Since telecommunications cross state lines, the federal government plays an important role in regulating these sorts of issues. However, states are still able to enforce their own laws about how phones can be used. New Hampshire Attorney General Gordon MacDonald recently joined other attorneys general urging the U.S. Senate to pass the Telephone Robocall Abuse Criminal Enforcement and Deterrence (TRACED) Act. This bill is intended to cut down on the number of illegal robocalls made in the United States.

Questioning the bill’s effectiveness

Some point out that it’s difficult to tell where spoofed phone calls really came from, and therefore it would be hard to enforce such a law. It is more likely that legitimate organizations like businesses, political parties, and polling organizations that use number spoofing to get through to individuals will be the ones most impacted by the bill. Helping technology Assistant Attorney General Greg Albert testified that new technology is coming that could make it much easier for New Hampshire to enforce HB 577. He testified that the New Hampshire attorney general would focus on prosecuting call sources that have the most victims in New Hampshire.

Comments

Susan Rogers
- Alton Bay

Fri, 05/17/2019 - 2:13pm

Usually I'm all about less government and restrictions, but this I'm absolutely on board with. I don't know if passing legislation would actually change the current situation, but I've HAD it with telemarketers' robo-calls and scammers using fake or inscrutable Caller IDs.

Jennifer Larain
- Peterborough

Sun, 05/19/2019 - 3:32pm

I’ve HAD it with late night calls that appear to be local; I’m always concerned it’s a friend in need - only to find out it’s a telemarketer. More money should be spent on Government? No, protect your citizens! It’d be nice to be able to tell them they’re violating a Federal law and could be fined $5,000.00. Perhaps then they'd stop calling!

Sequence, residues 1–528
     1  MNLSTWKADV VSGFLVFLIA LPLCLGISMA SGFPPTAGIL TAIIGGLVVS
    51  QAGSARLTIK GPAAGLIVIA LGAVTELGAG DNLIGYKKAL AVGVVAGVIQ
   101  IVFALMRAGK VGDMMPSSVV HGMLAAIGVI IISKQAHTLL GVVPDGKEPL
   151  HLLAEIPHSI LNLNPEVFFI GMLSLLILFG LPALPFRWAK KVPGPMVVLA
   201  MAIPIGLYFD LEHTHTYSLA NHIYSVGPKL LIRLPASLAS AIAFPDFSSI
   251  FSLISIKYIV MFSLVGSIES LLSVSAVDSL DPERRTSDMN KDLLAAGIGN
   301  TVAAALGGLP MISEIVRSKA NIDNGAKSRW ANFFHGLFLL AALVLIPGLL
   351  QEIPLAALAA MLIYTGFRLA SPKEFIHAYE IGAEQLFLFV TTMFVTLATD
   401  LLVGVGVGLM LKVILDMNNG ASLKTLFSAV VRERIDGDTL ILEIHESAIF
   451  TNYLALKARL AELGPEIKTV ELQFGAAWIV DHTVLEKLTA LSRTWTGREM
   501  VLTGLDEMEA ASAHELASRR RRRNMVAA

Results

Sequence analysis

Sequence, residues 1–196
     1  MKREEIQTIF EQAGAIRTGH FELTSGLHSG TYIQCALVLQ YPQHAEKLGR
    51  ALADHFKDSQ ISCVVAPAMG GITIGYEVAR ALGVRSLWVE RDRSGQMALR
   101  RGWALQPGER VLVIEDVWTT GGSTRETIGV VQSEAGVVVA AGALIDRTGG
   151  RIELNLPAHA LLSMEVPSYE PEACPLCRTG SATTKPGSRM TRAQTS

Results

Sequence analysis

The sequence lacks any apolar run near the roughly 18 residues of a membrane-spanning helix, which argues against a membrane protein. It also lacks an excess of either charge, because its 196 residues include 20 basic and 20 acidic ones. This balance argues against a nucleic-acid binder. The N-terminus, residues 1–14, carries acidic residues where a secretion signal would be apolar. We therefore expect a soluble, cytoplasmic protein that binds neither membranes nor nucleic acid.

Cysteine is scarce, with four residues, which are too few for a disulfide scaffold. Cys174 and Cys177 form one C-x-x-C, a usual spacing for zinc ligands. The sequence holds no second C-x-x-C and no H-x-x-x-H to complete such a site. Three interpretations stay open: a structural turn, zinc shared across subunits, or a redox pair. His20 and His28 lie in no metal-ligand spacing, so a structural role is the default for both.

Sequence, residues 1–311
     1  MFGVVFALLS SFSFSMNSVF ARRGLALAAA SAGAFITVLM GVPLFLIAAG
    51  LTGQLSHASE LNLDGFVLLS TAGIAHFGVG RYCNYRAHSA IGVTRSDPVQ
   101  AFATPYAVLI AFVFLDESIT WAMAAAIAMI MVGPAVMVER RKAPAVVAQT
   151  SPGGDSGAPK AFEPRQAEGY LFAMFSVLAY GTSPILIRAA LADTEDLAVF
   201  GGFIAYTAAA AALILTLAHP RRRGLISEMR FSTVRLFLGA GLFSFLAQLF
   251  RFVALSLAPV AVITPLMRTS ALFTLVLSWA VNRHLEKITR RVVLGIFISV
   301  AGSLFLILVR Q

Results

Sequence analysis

GariePaul D
- Wentworth

Tue, 05/21/2019 - 6:17pm

I do not disagree with the daily near avalanche of 'robo-calls' using faked tel. numbers; often indicating a tel.
number within my own county, from nearby towns. I do not answer the tel. when I see / hear a number I do not recognize. Nearly all times, no caller i.d. displays. When a name of a caller i.d. displays, I do not recognize the name. I have deleted my name from my tel. answering message. I've telephoned my tel. provider; the state consumer board; rep.s of the FCC. Nothing can curtail robocalls.
No digital system; computer network; telephone network; bureaucratic labyrinth; nor residential 'protection' system can screen, divert, nor block any robocalls. This is the emergent nemesis of all of
social media - Facebook sold most consumer's tel. numbers; Google garnishes customer tel. numbers with
partial identity data; Instagram accompanies facial profiles with partial user identity data; & on & on.
Users, government, social media monopolies have designed & widely spread this telephone contact animal.
There us nothing any law, regulation, statue from any level of government, bureaucracy, user petitions can do to curtail this rampant excess.